Established in 1994, the Lee County Black History Society chose to become a “history society” rather than a “historical society” in order to live, breathe, and grow and to better preserve and commemorate the cultural and educational contributions of both locally and nationally known Black people.
In celebration of Women’s History Month in March, I would like to highlight just a few of the many local women who shaped and continue to influence Southwest Florida and the Black community.
Dr. Ella Mae Piper
Dr. Ella Piper
Piper was a successful businessperson who continued a popular Dunbar event her mother started and left a legacy of support for children and the elderly.
Born Ella M. Jones in Brunswick, Ga., on March 8, 1884, she was the only daughter of Ned Bailer and Sarah Williams. Ella attended Spelman College in Atlanta and graduated from Rohrer’s world-famous Institute of Beauty Culture in New York City on Aug. 25, 1915, majoring in body massage and Swedish movements. She became a well-known chiropodist (foot doctor).
She came to Fort Myers after she graduated in 1915 and opened the first beauty shop on Jackson Street. She also practiced chiropody and owned Big 4 Bottling Company, where customers could get soft drinks for just 5 cents. The current Dr. Piper Center she inspired for the care of children and the elderly is at the former Big 4 site.
Her mother started a Christmas celebration in 1915 for the children of the Dunbar community, which Ella maintained and continues today at the Dr. Piper Center, providing toys to more than 600 children.
Through her community involvement, she assisted in building the Dunbar Community School in 1926, and today the building is an adult education and lifelong learning center. She helped young people earn scholarships to Tuskegee College, often helping fund them herself. When she died in 1954, she left her property to the City of Fort Myers to be used to provide a place for children and the elderly.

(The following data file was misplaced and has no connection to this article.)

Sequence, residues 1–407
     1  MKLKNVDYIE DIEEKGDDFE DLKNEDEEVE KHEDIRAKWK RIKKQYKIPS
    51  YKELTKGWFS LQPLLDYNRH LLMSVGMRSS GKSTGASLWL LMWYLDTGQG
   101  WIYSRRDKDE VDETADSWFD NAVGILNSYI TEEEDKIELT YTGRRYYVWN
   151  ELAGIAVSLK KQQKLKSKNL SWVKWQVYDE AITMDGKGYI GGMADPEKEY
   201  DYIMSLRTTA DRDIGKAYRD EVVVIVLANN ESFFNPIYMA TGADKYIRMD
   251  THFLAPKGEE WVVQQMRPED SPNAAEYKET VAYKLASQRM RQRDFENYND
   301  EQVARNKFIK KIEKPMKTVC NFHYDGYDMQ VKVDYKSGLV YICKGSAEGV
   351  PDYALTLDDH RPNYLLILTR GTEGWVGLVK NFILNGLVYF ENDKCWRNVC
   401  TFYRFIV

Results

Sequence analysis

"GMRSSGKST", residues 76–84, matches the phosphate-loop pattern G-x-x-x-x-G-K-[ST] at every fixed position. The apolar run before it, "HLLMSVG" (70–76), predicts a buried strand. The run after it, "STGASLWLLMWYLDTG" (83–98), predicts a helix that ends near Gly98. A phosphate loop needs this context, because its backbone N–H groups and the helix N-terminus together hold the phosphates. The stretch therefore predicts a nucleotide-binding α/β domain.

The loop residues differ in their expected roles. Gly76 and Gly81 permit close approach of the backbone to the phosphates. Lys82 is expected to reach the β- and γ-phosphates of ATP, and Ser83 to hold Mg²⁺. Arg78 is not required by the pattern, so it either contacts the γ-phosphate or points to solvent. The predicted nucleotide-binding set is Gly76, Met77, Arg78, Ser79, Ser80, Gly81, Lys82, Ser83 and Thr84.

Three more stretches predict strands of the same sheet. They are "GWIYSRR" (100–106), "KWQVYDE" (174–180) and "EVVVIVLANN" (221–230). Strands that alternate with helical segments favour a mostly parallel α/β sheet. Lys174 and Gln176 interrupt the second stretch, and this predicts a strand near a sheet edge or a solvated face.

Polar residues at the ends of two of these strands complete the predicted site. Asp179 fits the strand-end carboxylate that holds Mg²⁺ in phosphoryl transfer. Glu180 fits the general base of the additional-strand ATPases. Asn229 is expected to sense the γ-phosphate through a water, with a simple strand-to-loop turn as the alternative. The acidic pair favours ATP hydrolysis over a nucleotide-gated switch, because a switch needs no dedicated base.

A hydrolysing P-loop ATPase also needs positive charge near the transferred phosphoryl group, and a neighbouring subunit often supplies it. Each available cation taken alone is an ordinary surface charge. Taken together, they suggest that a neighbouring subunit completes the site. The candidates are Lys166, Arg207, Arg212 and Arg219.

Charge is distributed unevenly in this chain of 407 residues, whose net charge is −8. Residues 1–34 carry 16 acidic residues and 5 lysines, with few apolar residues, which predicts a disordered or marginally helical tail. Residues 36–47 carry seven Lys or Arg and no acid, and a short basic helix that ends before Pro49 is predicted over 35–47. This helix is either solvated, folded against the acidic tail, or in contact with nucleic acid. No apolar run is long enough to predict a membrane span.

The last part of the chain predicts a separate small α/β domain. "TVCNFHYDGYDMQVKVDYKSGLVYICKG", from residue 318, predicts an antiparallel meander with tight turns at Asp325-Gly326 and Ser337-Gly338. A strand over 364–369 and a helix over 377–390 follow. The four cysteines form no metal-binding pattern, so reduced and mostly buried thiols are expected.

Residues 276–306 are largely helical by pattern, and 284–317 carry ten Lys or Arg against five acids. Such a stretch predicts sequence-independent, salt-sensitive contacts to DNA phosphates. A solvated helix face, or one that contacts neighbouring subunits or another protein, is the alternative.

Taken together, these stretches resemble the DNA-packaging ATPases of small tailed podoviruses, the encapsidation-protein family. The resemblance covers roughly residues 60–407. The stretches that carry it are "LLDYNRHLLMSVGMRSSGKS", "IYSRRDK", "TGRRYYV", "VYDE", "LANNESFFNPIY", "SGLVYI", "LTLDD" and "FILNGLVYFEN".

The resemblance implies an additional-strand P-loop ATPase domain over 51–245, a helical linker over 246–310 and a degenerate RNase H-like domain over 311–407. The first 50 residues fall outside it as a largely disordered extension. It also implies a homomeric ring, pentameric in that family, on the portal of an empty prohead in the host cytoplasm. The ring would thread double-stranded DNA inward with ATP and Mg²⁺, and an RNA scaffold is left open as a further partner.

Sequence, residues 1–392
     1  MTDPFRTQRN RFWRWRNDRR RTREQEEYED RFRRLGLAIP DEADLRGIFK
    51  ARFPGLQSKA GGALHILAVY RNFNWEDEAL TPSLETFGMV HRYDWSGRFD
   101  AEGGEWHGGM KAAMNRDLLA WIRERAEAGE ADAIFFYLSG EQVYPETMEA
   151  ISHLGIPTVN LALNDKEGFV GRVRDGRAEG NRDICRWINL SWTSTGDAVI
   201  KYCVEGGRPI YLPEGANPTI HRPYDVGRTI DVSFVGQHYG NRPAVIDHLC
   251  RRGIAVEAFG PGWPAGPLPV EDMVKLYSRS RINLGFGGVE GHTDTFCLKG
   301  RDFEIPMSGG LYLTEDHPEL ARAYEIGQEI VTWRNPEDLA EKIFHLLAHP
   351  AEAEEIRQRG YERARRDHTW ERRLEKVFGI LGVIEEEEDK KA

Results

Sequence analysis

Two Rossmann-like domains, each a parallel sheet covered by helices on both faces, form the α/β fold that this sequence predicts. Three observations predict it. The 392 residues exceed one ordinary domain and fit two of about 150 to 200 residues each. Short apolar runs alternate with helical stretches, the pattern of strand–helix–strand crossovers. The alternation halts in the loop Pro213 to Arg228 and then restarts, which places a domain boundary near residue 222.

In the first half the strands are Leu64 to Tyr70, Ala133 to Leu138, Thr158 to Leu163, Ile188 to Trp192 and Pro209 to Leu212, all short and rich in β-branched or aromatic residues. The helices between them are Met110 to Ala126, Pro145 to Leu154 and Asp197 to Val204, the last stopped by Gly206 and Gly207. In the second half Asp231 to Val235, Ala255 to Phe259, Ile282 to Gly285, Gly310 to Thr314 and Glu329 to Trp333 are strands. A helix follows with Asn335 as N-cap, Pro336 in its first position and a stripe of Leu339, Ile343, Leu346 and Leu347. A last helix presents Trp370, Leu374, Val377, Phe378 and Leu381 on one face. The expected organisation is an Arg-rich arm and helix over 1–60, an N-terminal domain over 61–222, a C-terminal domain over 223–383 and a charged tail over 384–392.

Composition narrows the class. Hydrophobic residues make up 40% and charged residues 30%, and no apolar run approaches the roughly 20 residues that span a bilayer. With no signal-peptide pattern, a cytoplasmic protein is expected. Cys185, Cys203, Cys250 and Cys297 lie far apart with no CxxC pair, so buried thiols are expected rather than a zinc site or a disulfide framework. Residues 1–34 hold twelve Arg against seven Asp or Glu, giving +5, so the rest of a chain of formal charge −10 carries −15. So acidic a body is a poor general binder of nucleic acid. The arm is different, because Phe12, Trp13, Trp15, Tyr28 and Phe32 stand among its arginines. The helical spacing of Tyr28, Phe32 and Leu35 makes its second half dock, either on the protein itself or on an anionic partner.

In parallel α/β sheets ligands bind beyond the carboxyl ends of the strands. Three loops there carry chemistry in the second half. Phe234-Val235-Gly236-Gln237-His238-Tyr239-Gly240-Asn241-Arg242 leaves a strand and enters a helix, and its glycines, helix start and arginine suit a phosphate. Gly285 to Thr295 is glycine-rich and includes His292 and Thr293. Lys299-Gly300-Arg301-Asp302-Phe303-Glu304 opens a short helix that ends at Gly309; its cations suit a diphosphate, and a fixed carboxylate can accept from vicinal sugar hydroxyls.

Although the decision Brown v. Board of Education in 1954 ordered schools to be desegregated, that did not happen for decades in Lee County.
In 1963, Rosalind Blalock was a senior at all-Black Dunbar High School. With her eye on a career in medical technology, she wanted to transfer to all-white Fort Myers High School for better science equipment and new textbooks. When she was denied enrollment, her father helped file a lawsuit that continued for 35 years. In 1964, the NAACP filed a complaint in federal court alleging the Lee County public school system operated an unconstitutional racially segregated school system.
The federal court approved a plan in February 1965 to desegregate schools within five years, and in August of that year, Alva Elementary enrolled one Black student and Edison Park Elementary registered two Black children. Lee eventually integrated all its public schools in 1970, but it was not until 1999 that a federal judge finally declared Lee County was offering equal education to white and Black students.
Evelyn Sams Canady
Evelyn S. Canady
In April, the area will see the legacy of Evelyn Sams Canady, who founded the Dunbar Easter parade 79 years ago.
A beloved third grade teacher and an important leader, she helped to found Dunbar High School and the Dr. Ella Piper Center. Her husband, Walter Canady, was a Negro League baseball player.
She created the parade in 1945 to celebrate the Black community’s children during segregation in the city. She created the event so her community could have a parade of its own in response to the Edison Festival of Light, where Black people could participate, but had to march at the back of the parade.
This year’s Dunbar Easter Parade and festival weekend (April 7-9) celebrates faith, community and unity. It begins April 7 with the Dunbar Easter Coronation. The Easter Parade will be 3 p.m. on April 9.
Other notable Black females include Ida S. Baker, the first Black to receive an appointment within the Florida Department of Education, and Veronica Shoemaker, the first Black to serve on the Fort Myers City Council, among many others.
Learn about these inspiring women and many more at the Williams Academy Museum, a Black history museum in Roberto Clemente Park in Fort Myers housed in the 1942 addition to the Williams Academy, the first government-funded school for African American students in Fort Myers. The museum, maintained by the Lee County Black History Society, is dedicated to preserve the cultural and educational contributions by local and nationally known Black people.